Thirteenth Century AD
Thirteenth Century AD
Implications of Seasonal and Annual Moisture Reconstructions for Mesa Verde, Colorado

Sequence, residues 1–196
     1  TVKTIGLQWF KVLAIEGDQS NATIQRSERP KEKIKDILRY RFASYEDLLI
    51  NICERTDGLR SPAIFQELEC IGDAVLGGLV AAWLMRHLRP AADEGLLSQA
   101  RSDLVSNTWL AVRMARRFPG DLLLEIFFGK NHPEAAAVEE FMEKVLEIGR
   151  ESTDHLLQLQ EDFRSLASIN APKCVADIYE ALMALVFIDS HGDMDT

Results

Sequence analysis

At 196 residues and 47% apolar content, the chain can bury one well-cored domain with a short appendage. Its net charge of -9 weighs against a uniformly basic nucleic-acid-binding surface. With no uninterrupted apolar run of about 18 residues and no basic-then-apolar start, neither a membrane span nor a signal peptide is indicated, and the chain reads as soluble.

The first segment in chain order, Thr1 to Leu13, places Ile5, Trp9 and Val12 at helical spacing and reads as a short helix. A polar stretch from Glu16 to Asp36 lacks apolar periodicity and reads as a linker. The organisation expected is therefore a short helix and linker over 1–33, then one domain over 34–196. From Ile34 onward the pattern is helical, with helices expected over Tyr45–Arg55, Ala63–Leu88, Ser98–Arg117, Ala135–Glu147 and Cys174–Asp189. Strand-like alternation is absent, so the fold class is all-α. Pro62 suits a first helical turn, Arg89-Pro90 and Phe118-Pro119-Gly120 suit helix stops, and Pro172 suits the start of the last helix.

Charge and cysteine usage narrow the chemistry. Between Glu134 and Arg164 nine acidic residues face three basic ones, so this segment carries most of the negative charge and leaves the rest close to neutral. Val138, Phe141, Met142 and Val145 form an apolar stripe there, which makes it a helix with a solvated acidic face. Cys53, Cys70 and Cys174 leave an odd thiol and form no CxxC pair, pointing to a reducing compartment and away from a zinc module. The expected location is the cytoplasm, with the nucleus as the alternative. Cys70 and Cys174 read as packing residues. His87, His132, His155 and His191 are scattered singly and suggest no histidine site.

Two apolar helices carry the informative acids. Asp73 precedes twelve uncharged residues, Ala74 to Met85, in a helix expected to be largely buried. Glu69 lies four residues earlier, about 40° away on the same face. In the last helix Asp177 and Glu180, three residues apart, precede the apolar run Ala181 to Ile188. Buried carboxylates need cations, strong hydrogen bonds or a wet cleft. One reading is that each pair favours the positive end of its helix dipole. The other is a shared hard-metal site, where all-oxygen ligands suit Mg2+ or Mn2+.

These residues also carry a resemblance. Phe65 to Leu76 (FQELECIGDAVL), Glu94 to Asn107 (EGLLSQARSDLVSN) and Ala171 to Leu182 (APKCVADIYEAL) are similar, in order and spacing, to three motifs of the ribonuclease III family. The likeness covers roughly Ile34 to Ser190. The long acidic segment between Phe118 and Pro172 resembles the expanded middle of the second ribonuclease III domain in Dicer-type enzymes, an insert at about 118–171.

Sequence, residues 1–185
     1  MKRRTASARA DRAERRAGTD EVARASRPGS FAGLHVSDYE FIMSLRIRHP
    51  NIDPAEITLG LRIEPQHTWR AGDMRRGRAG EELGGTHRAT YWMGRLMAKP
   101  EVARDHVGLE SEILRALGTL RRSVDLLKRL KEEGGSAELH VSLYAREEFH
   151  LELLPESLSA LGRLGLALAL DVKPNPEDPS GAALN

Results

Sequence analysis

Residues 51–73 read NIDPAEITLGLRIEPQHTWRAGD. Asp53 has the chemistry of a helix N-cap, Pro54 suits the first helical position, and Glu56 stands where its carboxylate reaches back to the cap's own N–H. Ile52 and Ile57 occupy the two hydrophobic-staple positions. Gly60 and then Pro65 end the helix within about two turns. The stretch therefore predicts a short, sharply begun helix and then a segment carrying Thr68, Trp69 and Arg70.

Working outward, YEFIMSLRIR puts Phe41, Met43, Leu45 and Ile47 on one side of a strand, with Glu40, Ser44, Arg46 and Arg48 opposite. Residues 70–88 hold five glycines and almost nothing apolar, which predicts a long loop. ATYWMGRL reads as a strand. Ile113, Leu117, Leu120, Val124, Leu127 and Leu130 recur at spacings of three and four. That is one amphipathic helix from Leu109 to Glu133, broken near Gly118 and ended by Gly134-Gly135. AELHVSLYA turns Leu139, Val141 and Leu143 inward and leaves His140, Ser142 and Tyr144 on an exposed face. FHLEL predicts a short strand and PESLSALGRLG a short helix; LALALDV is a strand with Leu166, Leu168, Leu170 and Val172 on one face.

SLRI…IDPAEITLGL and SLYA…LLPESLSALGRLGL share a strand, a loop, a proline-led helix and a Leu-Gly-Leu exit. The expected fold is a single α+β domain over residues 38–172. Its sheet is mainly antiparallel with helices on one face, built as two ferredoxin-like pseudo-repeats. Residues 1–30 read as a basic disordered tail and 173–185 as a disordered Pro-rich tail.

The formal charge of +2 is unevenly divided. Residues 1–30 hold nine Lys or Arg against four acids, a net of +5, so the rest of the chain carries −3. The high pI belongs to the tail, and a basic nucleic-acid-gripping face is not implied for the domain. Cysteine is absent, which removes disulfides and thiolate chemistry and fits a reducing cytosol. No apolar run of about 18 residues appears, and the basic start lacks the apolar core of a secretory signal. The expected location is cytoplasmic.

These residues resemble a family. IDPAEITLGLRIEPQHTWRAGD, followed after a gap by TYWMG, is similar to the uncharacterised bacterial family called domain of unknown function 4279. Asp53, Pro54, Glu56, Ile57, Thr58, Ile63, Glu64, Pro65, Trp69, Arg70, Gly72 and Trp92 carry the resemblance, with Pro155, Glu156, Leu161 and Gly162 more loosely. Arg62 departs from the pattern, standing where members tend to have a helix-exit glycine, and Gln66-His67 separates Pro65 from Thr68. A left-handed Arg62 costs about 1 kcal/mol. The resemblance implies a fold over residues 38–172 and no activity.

The hypothesis that a prolonged drought across southwestern North America in the late thirteenth century contributed to the abandonment of the region by Ancestral Pueblo populations, ultimately including the depopulation of the Mesa Verde region, continues to be a focus of archaeological research in the Pueblo region. We address the hypothesis through the re-measurement of tree-ring specimens from living trees and archaeological wood at Mesa Verde, Colorado, to derive chronologies of earlywood, latewood, and total ring width. The three chronology types all date from AD 480 to 2008 and were used to separately reconstruct cool and early warm season effective moisture and total water-year precipitation for Chapin Mesa near many of the major prehistoric archaeological sites. The new reconstructions indicate three simultaneous cool and early growing season droughts during the twelfth and thirteenth centuries that may have contributed to the environmental and social factors behind Ancestral Pueblo migrations over this sector of the Colorado Plateau. These sustained inter-seasonal droughts included the “Great Drought” of the late-thirteenth century, which is estimated to have been one of the most severe regimes of cool and early summer drought in the last 1,500-years and coincided with the end of Puebloan occupations at Mesa Verde. The elevation of the 30 cm isohyet of water-year precipitation reconstructed for southwestern Colorado from the new ring-width data is mapped from AD 1276–1280 and identifies areas where dry-land cultivation of maize may not have been practical during the driest years of the Great Drought. There is no doubt about the exact dating of the tree-ring chronologies, but the low sample size of dated specimens from Mesa Verde during the late-thirteenth and fourteenth centuries contributes uncertainty to these environmental reconstructions at the time of abandonment.
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